- Notes from Parliament Building
The Swiss Abroad Act has been adopted
The most important law for the Swiss community abroad will soon become a reality unless a referendum is called contrary to expectations.
On 26 September 2014, the Federal Assembly adopted the “Federal Act on Swiss Persons and Institutions Abroad”, in short the Swiss Abroad Act. The National Council approved the law by 160 votes to 18 with 18 abstentions. The Council of States passed it with no opposing votes and one abstention. It was published in the Federal Gazette (source texts in German, French and Italian see bottom of this article) on 7 October 2014, which means the three-month referendum deadline expires on 15 January 2015.
The law does not introduce any fundamentally new rights or obligations but brings together the most significant aspects for the over 730,000 Swiss Abroad in a single act so they are no longer distributed between various laws, ordinances and regulations. It covers the political rights of the Swiss Abroad, social welfare, consular protection and other consular services. The possibility of electronic voting in referenda and elections is also expressly incorporated into the act. The Federal Council can, in addition, take measures to encourage the exercising of political rights by our compatriots abroad.
The Swiss Abroad Act also forms the basis for federal government to support institutions which promote relations between the Swiss Abroad themselves and with Switzerland or provide them with assistance. The law specifically mentions the Organisation of the Swiss Abroad (OSA).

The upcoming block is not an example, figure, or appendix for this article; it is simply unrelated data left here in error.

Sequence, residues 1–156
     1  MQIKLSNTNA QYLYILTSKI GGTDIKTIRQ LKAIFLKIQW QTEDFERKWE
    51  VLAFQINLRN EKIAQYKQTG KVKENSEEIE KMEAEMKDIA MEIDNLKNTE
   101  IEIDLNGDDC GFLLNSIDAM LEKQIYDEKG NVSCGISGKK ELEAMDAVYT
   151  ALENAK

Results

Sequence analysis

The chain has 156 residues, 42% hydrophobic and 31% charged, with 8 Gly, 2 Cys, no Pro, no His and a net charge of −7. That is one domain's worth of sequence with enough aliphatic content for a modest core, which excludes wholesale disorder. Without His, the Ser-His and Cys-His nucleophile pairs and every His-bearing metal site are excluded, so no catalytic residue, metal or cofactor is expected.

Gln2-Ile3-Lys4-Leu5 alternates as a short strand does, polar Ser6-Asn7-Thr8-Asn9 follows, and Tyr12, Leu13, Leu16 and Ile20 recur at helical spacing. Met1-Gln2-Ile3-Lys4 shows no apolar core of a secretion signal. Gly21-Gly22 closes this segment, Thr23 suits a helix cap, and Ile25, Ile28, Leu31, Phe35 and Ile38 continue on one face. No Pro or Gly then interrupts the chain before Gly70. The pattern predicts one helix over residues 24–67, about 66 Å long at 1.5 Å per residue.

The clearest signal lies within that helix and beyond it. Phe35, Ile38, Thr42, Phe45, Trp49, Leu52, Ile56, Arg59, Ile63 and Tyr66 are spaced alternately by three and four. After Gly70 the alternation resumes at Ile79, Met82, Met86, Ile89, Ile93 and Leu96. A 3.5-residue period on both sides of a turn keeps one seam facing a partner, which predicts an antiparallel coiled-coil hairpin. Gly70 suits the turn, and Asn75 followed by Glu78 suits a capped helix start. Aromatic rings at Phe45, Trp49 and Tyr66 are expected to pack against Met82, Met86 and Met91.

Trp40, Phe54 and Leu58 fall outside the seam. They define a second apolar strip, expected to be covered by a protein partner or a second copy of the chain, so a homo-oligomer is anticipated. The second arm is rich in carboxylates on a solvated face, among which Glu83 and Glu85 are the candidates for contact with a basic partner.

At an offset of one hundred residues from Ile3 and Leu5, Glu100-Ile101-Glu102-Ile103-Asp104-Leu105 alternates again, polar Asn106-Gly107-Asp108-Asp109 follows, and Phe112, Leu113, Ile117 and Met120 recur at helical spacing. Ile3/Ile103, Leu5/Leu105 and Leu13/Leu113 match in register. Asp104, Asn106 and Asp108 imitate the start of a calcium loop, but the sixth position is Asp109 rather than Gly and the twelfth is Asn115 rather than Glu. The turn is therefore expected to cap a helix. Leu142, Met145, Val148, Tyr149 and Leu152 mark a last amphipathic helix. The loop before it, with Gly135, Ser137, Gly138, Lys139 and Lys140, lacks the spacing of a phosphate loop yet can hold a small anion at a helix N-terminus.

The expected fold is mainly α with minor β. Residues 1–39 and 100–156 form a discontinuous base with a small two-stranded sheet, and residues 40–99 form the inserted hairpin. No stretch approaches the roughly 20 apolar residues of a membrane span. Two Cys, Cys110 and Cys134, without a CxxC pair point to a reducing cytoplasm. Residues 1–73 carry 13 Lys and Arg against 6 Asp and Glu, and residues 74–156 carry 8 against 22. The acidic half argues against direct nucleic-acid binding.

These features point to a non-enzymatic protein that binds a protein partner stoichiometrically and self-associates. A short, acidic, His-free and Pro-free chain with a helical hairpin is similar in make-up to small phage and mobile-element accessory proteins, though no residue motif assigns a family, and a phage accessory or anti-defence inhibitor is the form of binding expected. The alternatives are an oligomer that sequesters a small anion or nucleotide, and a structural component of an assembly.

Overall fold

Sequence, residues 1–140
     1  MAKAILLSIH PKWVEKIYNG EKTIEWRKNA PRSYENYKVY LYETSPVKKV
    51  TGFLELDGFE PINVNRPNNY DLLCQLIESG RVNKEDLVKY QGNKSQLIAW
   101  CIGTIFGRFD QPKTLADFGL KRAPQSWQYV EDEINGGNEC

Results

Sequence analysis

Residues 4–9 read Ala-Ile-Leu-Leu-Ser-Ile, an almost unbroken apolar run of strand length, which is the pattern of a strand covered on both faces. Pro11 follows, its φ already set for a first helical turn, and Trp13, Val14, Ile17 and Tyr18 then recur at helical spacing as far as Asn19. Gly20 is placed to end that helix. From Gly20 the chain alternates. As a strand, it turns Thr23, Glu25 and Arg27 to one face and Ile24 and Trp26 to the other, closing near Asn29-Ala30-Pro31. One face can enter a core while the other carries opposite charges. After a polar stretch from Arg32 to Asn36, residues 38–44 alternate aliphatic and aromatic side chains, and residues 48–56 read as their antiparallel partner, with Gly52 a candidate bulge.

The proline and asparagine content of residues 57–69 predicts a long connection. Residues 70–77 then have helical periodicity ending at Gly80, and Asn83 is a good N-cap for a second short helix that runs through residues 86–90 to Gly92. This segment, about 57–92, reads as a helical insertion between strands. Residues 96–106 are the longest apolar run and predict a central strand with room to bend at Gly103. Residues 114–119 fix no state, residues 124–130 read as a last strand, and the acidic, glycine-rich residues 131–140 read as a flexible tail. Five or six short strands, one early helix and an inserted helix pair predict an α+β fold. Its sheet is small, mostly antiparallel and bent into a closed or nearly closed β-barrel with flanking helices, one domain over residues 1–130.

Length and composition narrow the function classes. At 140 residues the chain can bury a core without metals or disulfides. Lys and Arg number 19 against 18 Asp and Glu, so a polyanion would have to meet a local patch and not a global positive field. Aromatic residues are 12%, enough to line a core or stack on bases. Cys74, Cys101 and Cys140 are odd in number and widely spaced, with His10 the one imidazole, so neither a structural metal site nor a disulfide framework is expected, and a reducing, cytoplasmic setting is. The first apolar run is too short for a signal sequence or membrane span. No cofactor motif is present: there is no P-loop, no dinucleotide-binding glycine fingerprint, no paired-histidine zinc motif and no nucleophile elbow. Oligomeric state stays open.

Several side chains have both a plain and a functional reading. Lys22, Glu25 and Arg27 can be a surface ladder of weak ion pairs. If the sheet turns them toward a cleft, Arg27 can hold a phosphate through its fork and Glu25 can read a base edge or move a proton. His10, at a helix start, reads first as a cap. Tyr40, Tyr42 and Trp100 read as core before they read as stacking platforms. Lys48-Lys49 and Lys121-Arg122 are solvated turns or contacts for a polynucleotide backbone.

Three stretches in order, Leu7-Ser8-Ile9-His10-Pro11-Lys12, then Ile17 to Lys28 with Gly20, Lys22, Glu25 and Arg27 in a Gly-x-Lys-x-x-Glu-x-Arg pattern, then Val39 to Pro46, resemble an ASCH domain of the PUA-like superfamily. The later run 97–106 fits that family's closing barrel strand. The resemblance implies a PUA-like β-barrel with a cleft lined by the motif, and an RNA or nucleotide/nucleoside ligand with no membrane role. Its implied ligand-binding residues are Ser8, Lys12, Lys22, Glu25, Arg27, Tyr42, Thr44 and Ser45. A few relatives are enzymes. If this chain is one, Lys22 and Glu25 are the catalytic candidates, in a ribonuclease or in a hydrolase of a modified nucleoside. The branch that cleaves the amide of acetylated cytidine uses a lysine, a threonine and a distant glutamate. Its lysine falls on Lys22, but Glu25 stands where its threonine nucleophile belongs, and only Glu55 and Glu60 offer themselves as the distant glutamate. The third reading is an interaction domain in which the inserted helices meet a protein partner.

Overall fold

The Act explicitly states that Swiss citizens who reside or travel abroad bear personal responsibility for doing so. Personal responsibility involves, in particular, avoiding risks by considering alternative courses of action or overcoming difficulties by one’s own means in the event of danger. Personal responsibility also includes observing the laws of the country of residence or country visited. What is more, Switzerland should only act in a subsidiary capacity, particularly with regard to social welfare and consular protection. The law also defines a single point of contact which constitutes a significant part of the efforts towards a comprehensive policy on the Swiss Abroad referred to as “coherent” in the parliamentary proposal. With the central single point of contact for all matters concerning the Swiss Abroad, the FDFA will ensure the requirements-led provision of services as a public service.
Provided a referendum is not called, the law can enter into force on 1 November 2015 at the earliest. The drafting work on the ordinance on the Swiss Abroad Act will continue until then. The most significant changes for the Swiss Abroad will be explained in detail in “Swiss Review” over the course of 2015.
The Swiss Abroad Act goes back to the postulate submitted by Filippo Lombardi, Council of States member from Ticino, entitled “The Swiss Abroad – a link to the world”. In its requested report on policy on the Swiss Abroad, the Federal Council acknowledges the importance of the Swiss Abroad and comes to the conclusion that setting out a comprehensive policy on the Swiss Abroad would be beneficial. Following this report, on 15 June 2011 Filippo Lombardi submitted the parliamentary initiative “for a Swiss Abroad Act”, which was accepted by the Federal Assembly at the beginning of 2012. In close cooperation with the FDFA, the Council of States’ competent Political Institutions Committee drew up the bill and presented it to Parliament on 17 January 2014.
The text of the Swiss Abroad Act can be found at: